Re Griffin Securities Corporation

JurisdictionSingapore
CourtHigh Court (Singapore)
Judgment Date20 January 1999
Date20 January 1999
Docket NumberCompanies Winding Up No 211 of

[1999] SGHC 16

High Court

S Rajendran J

Companies Winding Up No 211 of 1998

Re Griffin Securities Corp

Kwok-Chern Yew Tee (Lawrence Chua & Pnrs) for the petitioning creditor

Suresh Nair (Allen & Gledhill) for the opposing creditor

Tan Kiat Pheng for the Official Receiver

Stephen Soh (Bernard Rada & Pnrs) for Griffin Securities Corporation

Vincent Yeoh (Vincent Yeoh & Co) for the supporting creditor

Tan Kean Siew (Lee & Lee) for the supporting creditor.

A B & Co, In re [1900] 1 QB 541 (folld)

Chong Lee Leong Seng Co (Pte) Ltd, Re [1989] 2 SLR (R) 9; [1989] SLR 685 (refd)

Bankruptcy Rules (Cap 20, R 1, 1996 Ed) r 38

Companies Act (Cap 50, 1994 Rev Ed) ss 350, 351 (consd);s 3

Companies (Winding Up) Rules (Cap 50, R 1, 1990 Ed) r 25

Rules of Court (Cap 322, R 5, 1997 Rev Ed) O 1 r 2 (4) para 2

Supreme Court of Judicature Act (Cap 322, 1985 Rev Ed, 1993 Reprint) ss 16 (1), 16 (1) (a), 16 (1) (a) (ii), 16 (3)

Women's Charter (Matrimonial Proceedings) Rules (S 854/2005) r 10

Companies–Winding up–Company's inability to pay debts–Total liability far exceeding total assets–Whether company should be wound up–Companies–Winding up–Foreign company–Whether court having jurisdiction to wind up foreign company–Whether sufficient nexus existing between foreign company and Singapore–Sections 350 and 351 Companies Act (Cap 50, 1994 Rev Ed)–Companies–Winding up–Service of petition–Whether solicitors accepting petition for foreign company sufficient

Yeo's petition under s 351 of the Companies Act (Cap 50, 1994 Rev Ed) (“the Act”) to wind up Griffin Securities Corporation (“Griffin”) was granted. Chua, an opposing creditor, appealed against the order for winding up. Chua had obtained a garnishee order nisi against Griffin's only known asset in Singapore, an account at the Standard Chartered Bank. Yeo succeeded in discharging the order nisi.The High Court also directed that the balance in Griffin's account be paid into court pending the determination of the winding-up petition. For the present appeal, Chua argued that that the winding-up petition should be dismissed on three grounds: (a) the court had no jurisdiction to make the winding-up order; (b) the grounds in the petition were not made out; (c) the court ought to exercise its discretion to decline making the winding-up order as it would be unjust to him.

Held, granting the petition:

(1) So long as s 351 of the Act and the requirements under the Companies (Winding Up) Rules (Cap 50, R 1, 1990 Ed) were complied with, the court had jurisdiction to grant the winding-up order of a foreign company like Griffin that had operations in Singapore. It was clear under s 351 that any unregistered company might be wound up and an “unregistered company” was defined in s 350 of the Act to include a foreign company. This view was reinforced by s 16 (3) of the Supreme Court of Judicature Act (Cap 322, 1985 Rev Ed, 1993 Reprint) which provided that the High Court should have such jurisdiction as was vested in it by any other written law: at [16].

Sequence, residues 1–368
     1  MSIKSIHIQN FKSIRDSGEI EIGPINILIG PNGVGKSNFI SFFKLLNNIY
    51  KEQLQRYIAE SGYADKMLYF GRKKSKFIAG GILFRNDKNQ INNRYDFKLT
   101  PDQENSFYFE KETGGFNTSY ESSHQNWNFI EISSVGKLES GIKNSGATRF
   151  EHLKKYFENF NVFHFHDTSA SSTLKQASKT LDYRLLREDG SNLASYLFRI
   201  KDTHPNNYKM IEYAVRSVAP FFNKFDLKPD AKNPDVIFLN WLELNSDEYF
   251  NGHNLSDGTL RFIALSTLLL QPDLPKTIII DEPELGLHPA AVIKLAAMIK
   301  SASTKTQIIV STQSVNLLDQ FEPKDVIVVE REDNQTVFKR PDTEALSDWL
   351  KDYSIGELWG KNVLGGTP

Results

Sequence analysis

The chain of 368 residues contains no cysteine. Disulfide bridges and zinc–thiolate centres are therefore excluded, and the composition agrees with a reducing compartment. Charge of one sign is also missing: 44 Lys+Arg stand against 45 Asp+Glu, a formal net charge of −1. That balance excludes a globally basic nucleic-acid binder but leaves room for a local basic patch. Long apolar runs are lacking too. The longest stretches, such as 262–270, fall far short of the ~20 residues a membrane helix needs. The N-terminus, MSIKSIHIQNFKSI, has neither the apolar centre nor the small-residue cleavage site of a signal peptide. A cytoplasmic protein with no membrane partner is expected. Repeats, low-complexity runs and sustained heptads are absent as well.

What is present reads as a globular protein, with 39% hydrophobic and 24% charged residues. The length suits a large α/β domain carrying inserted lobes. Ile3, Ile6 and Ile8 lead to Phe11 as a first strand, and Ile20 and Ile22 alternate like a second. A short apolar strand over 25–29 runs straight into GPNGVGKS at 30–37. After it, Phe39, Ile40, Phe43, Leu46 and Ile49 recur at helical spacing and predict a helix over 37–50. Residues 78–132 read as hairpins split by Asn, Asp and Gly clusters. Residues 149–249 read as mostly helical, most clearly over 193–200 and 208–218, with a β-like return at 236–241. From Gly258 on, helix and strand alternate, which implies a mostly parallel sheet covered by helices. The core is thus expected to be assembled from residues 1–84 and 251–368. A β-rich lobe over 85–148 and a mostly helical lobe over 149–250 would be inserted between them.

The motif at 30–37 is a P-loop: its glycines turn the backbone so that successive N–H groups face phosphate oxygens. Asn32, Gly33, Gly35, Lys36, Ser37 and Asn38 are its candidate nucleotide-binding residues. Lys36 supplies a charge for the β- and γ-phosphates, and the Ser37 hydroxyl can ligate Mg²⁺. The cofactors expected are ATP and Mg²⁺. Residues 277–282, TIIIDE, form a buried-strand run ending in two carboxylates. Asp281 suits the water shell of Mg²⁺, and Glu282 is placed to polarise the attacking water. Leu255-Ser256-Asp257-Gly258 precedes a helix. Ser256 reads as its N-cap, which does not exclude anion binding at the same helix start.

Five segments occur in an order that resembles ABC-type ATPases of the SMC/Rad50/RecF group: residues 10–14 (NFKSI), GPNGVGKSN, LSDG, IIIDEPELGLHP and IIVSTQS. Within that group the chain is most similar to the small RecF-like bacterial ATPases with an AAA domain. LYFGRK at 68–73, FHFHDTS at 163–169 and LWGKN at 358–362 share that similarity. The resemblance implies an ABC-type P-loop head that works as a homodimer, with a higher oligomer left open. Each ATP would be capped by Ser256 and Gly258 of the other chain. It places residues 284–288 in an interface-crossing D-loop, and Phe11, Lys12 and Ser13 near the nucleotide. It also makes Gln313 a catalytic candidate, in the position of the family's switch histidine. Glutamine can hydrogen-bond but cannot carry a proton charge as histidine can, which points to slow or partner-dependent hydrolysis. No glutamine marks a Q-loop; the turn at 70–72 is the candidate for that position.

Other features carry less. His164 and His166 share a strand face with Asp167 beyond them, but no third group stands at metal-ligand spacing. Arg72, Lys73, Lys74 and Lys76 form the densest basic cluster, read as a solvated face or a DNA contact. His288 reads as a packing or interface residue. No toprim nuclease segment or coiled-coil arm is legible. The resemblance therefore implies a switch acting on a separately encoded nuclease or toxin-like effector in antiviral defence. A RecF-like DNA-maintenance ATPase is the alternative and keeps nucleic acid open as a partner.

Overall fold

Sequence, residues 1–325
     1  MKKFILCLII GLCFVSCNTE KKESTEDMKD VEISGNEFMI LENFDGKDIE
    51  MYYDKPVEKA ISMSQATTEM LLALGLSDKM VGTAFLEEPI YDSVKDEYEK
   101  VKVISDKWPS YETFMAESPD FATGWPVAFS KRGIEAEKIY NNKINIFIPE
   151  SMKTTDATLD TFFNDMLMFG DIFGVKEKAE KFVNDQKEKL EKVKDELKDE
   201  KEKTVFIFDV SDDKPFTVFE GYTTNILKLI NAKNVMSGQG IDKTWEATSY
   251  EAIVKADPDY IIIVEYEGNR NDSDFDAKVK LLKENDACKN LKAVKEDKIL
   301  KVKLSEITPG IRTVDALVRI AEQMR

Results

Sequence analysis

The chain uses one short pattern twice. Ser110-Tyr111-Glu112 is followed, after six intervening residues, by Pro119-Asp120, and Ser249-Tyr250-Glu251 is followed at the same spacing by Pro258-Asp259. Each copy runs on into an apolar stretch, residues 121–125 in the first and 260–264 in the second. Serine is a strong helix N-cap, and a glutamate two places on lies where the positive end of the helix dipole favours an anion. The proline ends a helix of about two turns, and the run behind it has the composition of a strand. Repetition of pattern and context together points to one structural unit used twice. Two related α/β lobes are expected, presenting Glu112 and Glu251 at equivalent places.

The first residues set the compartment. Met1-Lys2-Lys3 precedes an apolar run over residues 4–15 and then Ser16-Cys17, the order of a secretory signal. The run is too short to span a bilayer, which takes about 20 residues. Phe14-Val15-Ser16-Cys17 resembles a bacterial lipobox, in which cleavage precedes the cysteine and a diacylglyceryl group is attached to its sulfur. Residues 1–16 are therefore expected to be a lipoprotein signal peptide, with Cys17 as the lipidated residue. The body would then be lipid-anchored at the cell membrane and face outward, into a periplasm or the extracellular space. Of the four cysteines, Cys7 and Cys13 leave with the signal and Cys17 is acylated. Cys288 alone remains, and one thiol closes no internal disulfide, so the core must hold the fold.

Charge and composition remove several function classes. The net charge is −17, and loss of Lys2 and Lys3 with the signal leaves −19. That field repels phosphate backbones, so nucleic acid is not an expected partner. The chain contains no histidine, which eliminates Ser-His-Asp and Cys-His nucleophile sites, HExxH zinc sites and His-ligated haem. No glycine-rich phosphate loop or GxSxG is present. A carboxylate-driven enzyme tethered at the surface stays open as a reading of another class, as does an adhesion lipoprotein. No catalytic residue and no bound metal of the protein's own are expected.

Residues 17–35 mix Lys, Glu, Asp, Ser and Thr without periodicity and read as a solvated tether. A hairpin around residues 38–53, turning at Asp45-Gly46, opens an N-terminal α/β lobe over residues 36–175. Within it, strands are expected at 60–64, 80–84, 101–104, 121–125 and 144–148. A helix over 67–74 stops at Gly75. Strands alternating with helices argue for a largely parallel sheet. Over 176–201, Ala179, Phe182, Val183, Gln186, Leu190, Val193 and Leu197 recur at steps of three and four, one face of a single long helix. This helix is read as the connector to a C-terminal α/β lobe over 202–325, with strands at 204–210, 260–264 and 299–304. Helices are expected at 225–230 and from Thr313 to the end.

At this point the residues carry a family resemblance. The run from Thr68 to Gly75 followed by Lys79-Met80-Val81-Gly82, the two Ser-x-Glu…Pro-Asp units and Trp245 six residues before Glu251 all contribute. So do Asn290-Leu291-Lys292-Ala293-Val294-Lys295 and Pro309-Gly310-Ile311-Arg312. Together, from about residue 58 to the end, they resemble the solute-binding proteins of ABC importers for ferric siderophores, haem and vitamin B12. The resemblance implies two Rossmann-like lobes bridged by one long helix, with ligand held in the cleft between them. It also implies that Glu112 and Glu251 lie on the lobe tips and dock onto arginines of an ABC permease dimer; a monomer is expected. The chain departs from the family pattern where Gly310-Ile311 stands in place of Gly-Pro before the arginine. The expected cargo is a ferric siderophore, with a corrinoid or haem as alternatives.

(2) The court would not exercise the discretion under s 351 unless a sufficient nexus existed between the foreign company and Singapore to justify its winding up. On the facts, Griffin had the major part of its assets in Singapore. It had extensive business operations here and would benefit its creditors in the event of a winding up. Thus a sufficient nexus existed between Griffin and Singapore to justify the making of a winding-up order by a Singapore court: at [17].

(3) It was not open to Chua to raise the claim that service was improper and therefore the court had no jurisdiction to hear the petition. It was sufficient service when Griffin's solicitors accepted service of the petition on its behalf: at [18] and [19].

(4) It was a proper case to order a winding up. The evidence showed that Griffin's total liability was far in excess of its total assets and it was unable to pay its debts: at [20].

(5) There was no merit in the submission that Chua, by opposing the petition, was avoiding an injustice to himself. He was in fact seeking to arrogate for himself all the assets that Griffin had in Singapore. He would only be entitled to those assets if he had priority over the other creditors: at [22].

S Rajendran J

1 This is an appeal by an opposing creditor, Chua Seng Wee (“Chua”), against the order I made on 23 October 1998 granting the petition of one Yeo Hoong Seng that Griffin Securities Corporation (“Griffin”) be wound up and that Kei Ah Wah, the interim receiver appointed by the court, be appointed as the liquidator.

2 The petition for winding up was supported by two...

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    ...by the Companies Act. 22 When considering whether there has been an abuse of process, the decision in Re Griffin Securities Corporation [1999] 3 SLR 346 (“Re Griffin”) is also instructive. In this case, the petitioner, Yeo, obtained judgment against a foreign company, Griffin, but was unabl......
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